Wednesday, 22 July 2015

Unashamed Under Six

My son has a superb knack of delivering cringe-worthy one-liners in public. The kind where I'd dare not make eye contact with another adult for fear of judgement, or maybe because I can feel them smiling. Which would make me smile (or worse, laugh). Which would make my job of explaining his public faux pas to him even more difficult.

We were in the car he spotted a random black man walking his dog and exclaimed, "That must be Granddad!" Of course, this is my fault for not submitting him to enough cultural diversity. Thus followed an explanation of skin colour and the fact that there is more than one black man on the planet.

Messy boy covered in Vaseline
Vaseline. Everywhere.
Tonight he casually told me, "Mum, I've put toothpaste on my willy." Firstly, I thought, 'thank you for the information'. Secondly,  I was counting the seconds, waiting for the 'Aaargh it stings! Get it off! Get it off!" But, nothing....Luckily, toothpaste for children doesn't pack much of a punch when it comes to minty freshness. I calmly removed the tube from reach. I don't want another Vaseline incident. That was rubbed liberally all over his body, my floor, the doors, my walls, his bedsheets....and then he had the audacity to complain that he was 'too greasy to sleep'. One of his best bedtime excuses to date.

Now, the public declarations regarding the state of his privates or toilet functions? They're the most challenging. I took him to Legoland at the weekend. There was a particular ride he said he wanted to go on because it made his 'peanuts feel funny'. He sat in between a dad and a little girl. The dad must've cursed about his nether region, because my son was there, springing up and down, yelling at the top of his lungs "GONADS!!!" repeatedly. I was watching with my sister and a couple of parents who were giving me sideways glances. However, when I did get the chance to ask him what he had been yelling he innocently responded with, "Doughnuts". I'm not sure if that's much of an improvement.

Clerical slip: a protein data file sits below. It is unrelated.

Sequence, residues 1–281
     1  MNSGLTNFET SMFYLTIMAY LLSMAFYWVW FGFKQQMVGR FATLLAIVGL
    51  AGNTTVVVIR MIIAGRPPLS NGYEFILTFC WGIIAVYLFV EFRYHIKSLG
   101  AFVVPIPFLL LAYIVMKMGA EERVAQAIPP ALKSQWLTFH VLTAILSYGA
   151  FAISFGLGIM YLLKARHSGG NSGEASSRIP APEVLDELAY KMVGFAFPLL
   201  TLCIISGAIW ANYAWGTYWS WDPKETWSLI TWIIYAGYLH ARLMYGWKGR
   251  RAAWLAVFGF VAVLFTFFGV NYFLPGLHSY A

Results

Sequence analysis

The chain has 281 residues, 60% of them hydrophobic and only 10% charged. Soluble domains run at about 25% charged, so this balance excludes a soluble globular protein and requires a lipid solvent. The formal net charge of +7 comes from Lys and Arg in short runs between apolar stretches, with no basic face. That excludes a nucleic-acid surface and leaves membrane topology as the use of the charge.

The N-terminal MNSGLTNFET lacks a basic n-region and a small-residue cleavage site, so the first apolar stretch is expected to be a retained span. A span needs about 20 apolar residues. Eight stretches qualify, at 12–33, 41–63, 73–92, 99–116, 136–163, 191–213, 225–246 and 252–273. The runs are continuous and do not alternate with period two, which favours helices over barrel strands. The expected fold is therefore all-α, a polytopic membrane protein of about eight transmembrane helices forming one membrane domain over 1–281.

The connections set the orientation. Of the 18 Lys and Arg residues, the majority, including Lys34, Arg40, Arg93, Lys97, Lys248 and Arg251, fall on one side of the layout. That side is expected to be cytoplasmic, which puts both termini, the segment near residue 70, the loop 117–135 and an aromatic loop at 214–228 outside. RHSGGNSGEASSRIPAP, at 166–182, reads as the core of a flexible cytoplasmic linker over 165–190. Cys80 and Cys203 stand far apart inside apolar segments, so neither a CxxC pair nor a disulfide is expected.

In a pub recently was his finest moment (and my worst). He asked me how to spell 'or'. Little did I know that this was part of a longer word in relation to the drawing he had just finished:
"Here we go Mum! I've drawn a 'cock-or-too'!! And I've written 'cockortoo' here, see? Look, 'cock-or-too'."

Children will embarrass us. It's in their very nature, and I cannot wait to return the favour when he's a teenager. I now understand the devilish grin my mum would give me when she knew she was doing something that would embarrass me.

Tomorrow is his last day of his first year at school. I'm really pleased with his school report; he has exceeded expectations in over a third of the areas monitored. So although he may humiliate me at an opportune moment, I'm also incredibly proud of his development since the start of the school year. It's great to see the enthusiasm with which he'll express a new topic he has learnt that day.

Of course, the patience, attentiveness and guidance of the teachers and his one-to-one support assistants has been unparalleled. He's grown so much in the last few months and I can't wait for the growth (and embarrassments) waiting for me for the next year.

I would never want him to be reserved about speaking his mind, and I often believe he has a deeper insight on subjects than most adults. I only hope the time will come when I won't have to get into a deep discussion about the gender roles in reproduction when he blurts out, "I love Nick Fury, he's my baby-mumma".

Thursday, 16 July 2015

An open Letter to Discriminatory Recruiters and Employers

Dear Recruiter,

I am quite annoyed by your question regarding my son and I find it incredibly insulting. Your comment was demeaning to my professional expertise and belittles my incredible work ethic and experience, which has absolutely nothing to do with my ability to birth a child.

You have absolutely no right to ask about my family and 'how I will handle it'. I have been working full-time for years with a child, and guess what? I am a single mother too! It's illegal to discriminate on the grounds of sex. I am sure you wouldn't have asked a man with a child: "Is 'it' going to cause problems?"

I would formally like to withdraw my application from this role, and certainly do not wish to work for a company if this is their attitude.

I would also like to be removed from your database.

I suggest you consider a little more professionalism when speaking to hard working, intelligent, forward thinking candidates, and remember that this is the 21st century.

Please do not contact me again.

Regards,

Modern Single Mum